Vincenzo Bellini | La Sonnambula
Genesis of La Sonnamula
Getting closer the deadline for the presentation of a new opera at the Teatro Carcano in Milan Vincenzo Bellini and his librettist Felice Romani after considering Hugo’s drama Ernani, changed their mind and embarked instead in the fairy-tale romance La Sonnambula.
Romani was inspired by La somnambule ou L’arrivée d’un seigneur, a ballet-pantomime by Eugène Scribe and Pierre Aumer rework of his previous comedie-vaudeville Somnambule (1819).
Amina, the innocent slandered archetypal
The story, set in a pastoral ambience, revolves around the angelic, idealized character of Amina, the archetypal of the slandered innocent, which finds previous examples in Rossini’s Desdemona and Donizetti’s Anna Bolena.
This opera is organized in a rather traditional way, that brings back to the memory the enchanted atmosphere of old operas such as Paisiello’s Nina Pazza per Amore, in which music marks the difference between action and lyrical parts.
The vocal parts in particular are written as if they happens in a suspended time and outside the action. It is in this sense that Bellini has been defined as the greatest last heir of the 18th century Neapolitan tradition.
La Sonnambula was a complete triumph, since its premiere. The newspapers wrote of “a melody that goes to the heart” and of “instrumentation always beautiful and well built” and reported of “endless applauses“.
Shortly before the wedding Amina is found asleep by her fiancé Elvino in Count Rodolfo’s hotel room and therefore accused of infidelity. The situation is resolved with the discovery that she’s affected by sleepwalking. The theatrical trick of the sleepwalking wasn’t new and other composers before Bellini, such as Piccinni and, later, Verdi – Lady Macbeth’s sleepwalking scene – as well as Donizetti – Lucia’s and Linda’s madness scenes can be referred to the same situation – used it.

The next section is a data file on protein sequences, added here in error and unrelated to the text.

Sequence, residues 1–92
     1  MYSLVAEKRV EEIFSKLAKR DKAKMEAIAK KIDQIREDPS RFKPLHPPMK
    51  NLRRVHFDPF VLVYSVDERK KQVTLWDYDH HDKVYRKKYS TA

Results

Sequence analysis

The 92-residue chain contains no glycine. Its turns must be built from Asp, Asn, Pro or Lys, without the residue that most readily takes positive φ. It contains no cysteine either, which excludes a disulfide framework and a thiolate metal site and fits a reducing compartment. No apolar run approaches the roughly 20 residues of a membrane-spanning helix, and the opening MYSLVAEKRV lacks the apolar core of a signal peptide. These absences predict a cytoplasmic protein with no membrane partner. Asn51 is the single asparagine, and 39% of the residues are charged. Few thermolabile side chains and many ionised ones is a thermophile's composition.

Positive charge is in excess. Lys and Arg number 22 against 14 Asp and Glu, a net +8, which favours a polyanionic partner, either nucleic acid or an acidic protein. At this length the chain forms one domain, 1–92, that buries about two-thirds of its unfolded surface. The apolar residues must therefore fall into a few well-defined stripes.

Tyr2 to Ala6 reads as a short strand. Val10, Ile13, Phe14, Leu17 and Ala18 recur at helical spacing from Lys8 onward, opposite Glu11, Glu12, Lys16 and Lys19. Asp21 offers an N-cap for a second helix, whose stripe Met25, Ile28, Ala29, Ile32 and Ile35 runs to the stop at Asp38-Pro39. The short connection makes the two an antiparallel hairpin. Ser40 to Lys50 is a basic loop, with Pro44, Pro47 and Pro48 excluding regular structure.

A few highlights
In a Swiss mountain village the people gather to celebrate the wedding of Amina, an orphan raised by Teresa, to Elvino, a young landowner. Everyone’s happy, except Lisa, the innkeeper, who loves Elvino and doesn’t want to lose him.
Amina enters and the notary also arrive together with Elvino, who presents the wedding ring, the one that was already his mother’s. Count Rodolfo arrives in town and as it’s turning dark everybody leaves for fear of a ghost that is believed to haunt the village. The count takes gallantly his leave from Amina, stirring Elvino’s jealousy.
Later on at the inn, Lisa is flirting with the count, which appears to appreciate female’s beauty, when a noise coming from the outside interrupts them. Lisa doesn’t want to be found in the count’s room and she flees leaving behind her handkerchief.
Amina enters the room through the window, walking in her sleep. The count realizes she was mistaken by the villagers for a ghost. He doesn’t want to wake her up so he leaves her alone in his room.
Lisa, discovering Amina in the count’s room, summones all the peasants of the village there, so that everyone can catch Amina in that equivocal situation.
Elvino takes back the engagement ring from Amina and is determined to marry Lisa instead. But the count arrives to proclaim Amina’s innocence, explaining that she’s a sleepwalker. In that way the faith is reestabilished and the lovers reunited.
The full opera: a recent staging of the Teatro dell’opera di Firenze with Italian soprano Eva Mei and the historical staging at La Scala in 1955 with Maria Callas at her best in the title role.
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